structure we can derive a second linear system of equa-                              95

tions. But in this case we set the pressure in this points
to zero to force the inner sound field to zero.

                                                                            p [dB]
  0=          Gc qi−µ+1
       µ=s                                                                           85                                         12
                        cmax                                                                                                    24
                    +               p               p
                               Hµ [µˆi−µ+1 − (µ − 1)ˆi−µ ]   (11)                                                               analytical
                        µ=s                                                          80
                                                                                          85 170 255 340 425 510 595 680 765 850 935
                                                                                                           f [Hz]
If we combine both linear systems Eq. 5 and
Eq. 11 we get an overdetermined system.                                   Figure 5: The use of CHIEF points prevents the influence
As an example here the resulting matrix                                   of eigenfrequencies.
containing all Hµ and Hµ matrices is shown
                                                                          The analytical far field approximation for a circular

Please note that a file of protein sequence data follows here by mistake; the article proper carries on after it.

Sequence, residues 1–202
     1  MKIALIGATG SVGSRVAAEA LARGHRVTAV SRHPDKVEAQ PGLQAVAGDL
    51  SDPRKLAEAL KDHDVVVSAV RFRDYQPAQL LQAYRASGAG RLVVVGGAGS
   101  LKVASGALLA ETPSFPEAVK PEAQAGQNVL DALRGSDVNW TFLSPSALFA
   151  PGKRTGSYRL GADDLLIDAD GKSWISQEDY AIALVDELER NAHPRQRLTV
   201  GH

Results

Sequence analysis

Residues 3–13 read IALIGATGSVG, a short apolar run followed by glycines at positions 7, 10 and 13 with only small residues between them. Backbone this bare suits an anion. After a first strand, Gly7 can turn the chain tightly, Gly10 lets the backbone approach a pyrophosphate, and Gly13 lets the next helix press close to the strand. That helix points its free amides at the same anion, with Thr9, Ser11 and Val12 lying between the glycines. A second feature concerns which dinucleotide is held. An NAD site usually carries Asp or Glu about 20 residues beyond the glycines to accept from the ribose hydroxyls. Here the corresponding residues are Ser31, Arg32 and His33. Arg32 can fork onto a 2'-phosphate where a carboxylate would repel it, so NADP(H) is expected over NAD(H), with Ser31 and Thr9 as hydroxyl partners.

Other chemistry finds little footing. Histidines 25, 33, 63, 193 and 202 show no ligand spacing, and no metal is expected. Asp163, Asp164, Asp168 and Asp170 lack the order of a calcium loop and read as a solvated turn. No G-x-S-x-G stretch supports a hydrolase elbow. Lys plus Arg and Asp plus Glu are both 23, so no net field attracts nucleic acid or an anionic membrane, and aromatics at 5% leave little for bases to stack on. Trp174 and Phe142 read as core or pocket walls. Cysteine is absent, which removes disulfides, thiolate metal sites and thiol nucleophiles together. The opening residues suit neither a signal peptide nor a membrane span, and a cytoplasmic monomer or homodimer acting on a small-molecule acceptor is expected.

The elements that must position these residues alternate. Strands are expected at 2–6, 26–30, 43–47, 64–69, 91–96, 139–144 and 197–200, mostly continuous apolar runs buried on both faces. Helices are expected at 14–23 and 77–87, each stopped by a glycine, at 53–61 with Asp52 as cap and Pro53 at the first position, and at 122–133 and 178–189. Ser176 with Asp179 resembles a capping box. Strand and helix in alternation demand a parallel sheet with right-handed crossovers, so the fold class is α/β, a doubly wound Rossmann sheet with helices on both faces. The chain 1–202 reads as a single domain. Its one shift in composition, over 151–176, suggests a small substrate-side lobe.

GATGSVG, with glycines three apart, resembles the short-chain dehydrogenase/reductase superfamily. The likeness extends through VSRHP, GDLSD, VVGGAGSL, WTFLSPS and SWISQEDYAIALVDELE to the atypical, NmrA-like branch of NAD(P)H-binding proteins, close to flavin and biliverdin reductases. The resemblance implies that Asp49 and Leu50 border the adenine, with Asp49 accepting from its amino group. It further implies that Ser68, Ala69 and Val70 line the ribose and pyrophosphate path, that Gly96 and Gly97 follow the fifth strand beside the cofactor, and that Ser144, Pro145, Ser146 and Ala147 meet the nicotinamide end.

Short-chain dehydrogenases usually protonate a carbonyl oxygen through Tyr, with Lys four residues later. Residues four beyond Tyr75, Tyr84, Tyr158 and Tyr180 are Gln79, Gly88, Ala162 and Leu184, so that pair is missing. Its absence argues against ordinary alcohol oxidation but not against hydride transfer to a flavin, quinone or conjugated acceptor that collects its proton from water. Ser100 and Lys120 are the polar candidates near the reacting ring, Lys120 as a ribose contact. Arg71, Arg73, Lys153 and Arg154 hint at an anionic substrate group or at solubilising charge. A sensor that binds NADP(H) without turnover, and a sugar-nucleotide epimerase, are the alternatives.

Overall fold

                                                                       piston in an infinite wall can be found in the literature:
               H1                 0          ···       ···   0
            2H2             H1            0          ···  0       
                                                                  
                                                                                                             e−ikr J1 (kRsinα)
                                                           .       
                                                                                         p(r, α) = iω υn R2        ·                        (13)
          3H3 − H2          2H2           H1               .       
                                                                                                                 r     kRsinα
             .                                       ..           
             .                                                    
             .                                          .               Figure 6 shows the test results for 2 immission points.
                                                                  
             0              · · · −(µmax − 1)Hµmax · · · H1
  ...........................................................
                                                                          Both points are located in 7.5m distance, P1 with